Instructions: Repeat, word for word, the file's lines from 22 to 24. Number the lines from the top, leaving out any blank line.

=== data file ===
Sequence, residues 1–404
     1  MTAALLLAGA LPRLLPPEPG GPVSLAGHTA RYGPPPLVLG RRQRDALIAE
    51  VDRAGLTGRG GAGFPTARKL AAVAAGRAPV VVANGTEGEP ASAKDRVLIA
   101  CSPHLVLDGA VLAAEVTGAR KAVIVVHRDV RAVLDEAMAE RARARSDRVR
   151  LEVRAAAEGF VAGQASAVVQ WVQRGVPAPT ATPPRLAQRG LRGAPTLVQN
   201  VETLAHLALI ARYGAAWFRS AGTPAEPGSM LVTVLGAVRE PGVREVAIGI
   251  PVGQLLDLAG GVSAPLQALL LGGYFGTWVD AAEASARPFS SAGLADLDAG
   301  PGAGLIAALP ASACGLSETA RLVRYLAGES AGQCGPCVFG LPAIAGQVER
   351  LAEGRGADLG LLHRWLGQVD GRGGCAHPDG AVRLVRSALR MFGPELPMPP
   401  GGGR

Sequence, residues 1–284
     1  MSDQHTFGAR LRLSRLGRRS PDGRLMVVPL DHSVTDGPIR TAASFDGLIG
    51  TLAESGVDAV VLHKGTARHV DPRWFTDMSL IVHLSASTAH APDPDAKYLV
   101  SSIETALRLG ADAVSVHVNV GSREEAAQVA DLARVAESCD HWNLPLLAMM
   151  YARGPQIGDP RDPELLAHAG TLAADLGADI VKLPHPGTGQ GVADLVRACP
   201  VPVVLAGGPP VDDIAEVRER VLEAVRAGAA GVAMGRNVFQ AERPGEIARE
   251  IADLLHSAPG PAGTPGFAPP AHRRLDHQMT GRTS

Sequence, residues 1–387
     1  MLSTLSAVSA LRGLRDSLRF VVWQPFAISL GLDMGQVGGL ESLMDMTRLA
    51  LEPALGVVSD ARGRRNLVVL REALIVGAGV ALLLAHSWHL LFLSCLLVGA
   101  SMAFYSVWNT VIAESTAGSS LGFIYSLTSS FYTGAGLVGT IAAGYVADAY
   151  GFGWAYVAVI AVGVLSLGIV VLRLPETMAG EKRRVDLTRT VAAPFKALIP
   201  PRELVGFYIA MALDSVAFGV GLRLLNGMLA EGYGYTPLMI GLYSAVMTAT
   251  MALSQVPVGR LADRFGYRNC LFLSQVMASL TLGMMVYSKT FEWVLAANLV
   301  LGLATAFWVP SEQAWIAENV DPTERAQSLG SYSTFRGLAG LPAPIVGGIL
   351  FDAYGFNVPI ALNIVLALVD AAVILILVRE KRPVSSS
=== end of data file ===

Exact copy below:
   151  GFGWAYVAVI AVGVLSLGIV VLRLPETMAG EKRRVDLTRT VAAPFKALIP
   201  PRELVGFYIA MALDSVAFGV GLRLLNGMLA EGYGYTPLMI GLYSAVMTAT
   251  MALSQVPVGR LADRFGYRNC LFLSQVMASL TLGMMVYSKT FEWVLAANLV